Warren Buffett on women and the funhouse mirrors that get in our way

3 years ago by in Best of The Web, Leadership + Speaking, Mentors Unplugged
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warren-buffett-on_womenWe have a serious man crush on Warren Buffett. You gotta love him for being a huge champion of women. Here’s our favorite excerpts from his essay published in Fortune “Why women are key to America’s prosperity”. 

Photo: Warren Buffett with the late Katharine Graham of the Washington Post at his 50th-birthday party in 1980.

The moment I emerged from my mother’s womb, however, my possibilities dwarfed those of my siblings, for I was a boy! And my brainy, personable, and good-looking siblings were not. My parents would love us equally, and our teachers would give us similar grades. But at every turn my sisters would be told — more through signals than words — that success for them would be “marrying well.” I was meanwhile hearing that the world’s opportunities were there for me to seize.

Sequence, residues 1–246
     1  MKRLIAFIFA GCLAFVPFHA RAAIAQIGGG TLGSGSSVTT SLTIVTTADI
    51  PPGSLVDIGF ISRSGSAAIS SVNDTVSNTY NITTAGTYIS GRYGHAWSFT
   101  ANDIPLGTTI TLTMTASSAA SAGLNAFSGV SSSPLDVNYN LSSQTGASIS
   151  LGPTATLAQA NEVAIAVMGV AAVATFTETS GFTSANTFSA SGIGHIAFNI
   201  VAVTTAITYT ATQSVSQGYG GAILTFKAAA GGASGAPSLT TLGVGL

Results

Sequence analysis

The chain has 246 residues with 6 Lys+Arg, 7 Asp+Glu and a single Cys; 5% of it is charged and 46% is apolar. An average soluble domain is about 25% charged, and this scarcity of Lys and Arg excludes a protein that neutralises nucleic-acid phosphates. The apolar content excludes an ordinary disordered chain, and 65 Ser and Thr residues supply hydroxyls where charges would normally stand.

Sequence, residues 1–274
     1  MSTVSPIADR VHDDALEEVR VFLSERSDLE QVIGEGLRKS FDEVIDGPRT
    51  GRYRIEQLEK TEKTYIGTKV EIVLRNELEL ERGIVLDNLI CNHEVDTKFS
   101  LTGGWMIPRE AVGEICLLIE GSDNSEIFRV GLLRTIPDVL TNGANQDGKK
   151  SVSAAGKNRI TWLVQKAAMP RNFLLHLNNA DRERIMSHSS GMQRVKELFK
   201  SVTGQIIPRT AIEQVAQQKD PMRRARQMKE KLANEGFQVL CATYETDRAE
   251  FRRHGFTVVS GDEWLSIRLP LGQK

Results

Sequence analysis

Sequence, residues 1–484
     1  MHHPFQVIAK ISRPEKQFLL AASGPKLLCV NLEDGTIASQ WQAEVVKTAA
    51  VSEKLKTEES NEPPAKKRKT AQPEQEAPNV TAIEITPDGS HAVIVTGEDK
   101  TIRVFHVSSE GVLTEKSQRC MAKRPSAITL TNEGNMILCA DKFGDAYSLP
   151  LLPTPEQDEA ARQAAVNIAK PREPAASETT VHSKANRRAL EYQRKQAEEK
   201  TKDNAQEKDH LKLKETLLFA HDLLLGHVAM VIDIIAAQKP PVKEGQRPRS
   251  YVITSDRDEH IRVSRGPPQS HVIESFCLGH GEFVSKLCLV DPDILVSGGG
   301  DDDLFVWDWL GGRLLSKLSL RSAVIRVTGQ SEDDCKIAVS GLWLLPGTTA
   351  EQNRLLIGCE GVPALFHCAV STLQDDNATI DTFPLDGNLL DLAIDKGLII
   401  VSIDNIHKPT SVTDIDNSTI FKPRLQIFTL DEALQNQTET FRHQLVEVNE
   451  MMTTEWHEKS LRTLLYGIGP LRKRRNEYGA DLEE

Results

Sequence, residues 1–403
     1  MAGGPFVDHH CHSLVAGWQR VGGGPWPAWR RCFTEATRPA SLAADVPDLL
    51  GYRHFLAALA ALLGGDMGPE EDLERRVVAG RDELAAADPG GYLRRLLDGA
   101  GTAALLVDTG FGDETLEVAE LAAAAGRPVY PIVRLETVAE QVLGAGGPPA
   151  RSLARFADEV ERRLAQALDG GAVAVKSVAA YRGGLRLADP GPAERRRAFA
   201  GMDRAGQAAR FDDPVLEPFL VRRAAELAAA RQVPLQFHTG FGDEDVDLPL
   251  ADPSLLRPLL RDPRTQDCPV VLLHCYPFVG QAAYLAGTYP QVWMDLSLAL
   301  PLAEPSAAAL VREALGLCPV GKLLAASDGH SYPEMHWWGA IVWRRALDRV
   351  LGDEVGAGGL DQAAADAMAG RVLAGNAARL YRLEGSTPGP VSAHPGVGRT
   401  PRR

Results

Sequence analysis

So my floor became my sisters’ ceiling — and nobody thought much about ripping up that pattern until a few decades ago. Now, thank heavens, the structural barriers for women are falling.

Still an obstacle remains: Too many women continue to impose limitations on themselves, talking themselves out of achieving their potential. Here, too, I have had some firsthand experience.

Among the scores of brilliant and interesting women I’ve known is the late Katharine Graham, long the controlling shareholder and CEO of the Washington Post Co. Kay knew she was intelligent. But she had been brainwashed — I don’t like that word, but it’s appropriate — by her mother, husband, and who knows who else to believe that men were superior, particularly at business.

I met Kay in 1973 and quickly saw that she was a person of unusual ability and character. But the gender-related self-doubt was certainly there too. Her brain knew better, but she could never quite still the voice inside her that said, “Men know more about running a business than you ever will.”

I told Kay that she had to discard the fun-house mirror that others had set before her and instead view herself in a mirror that reflected reality. “Then,” I said, “you will see a woman who is a match for anyone, male or female.”

I’m happy to say that funhouse mirrors are becoming less common among the women I meet. Try putting one in front of my daughter. She’ll just laugh and smash it. Women should never forget that it is common for powerful and seemingly self-assured males to have more than a bit of the Wizard of Oz in them. Pull the curtain aside, and you’ll often discover they are not supermen after all. (Just ask their wives!)

Read Warren Buffett’s full essay on CNN
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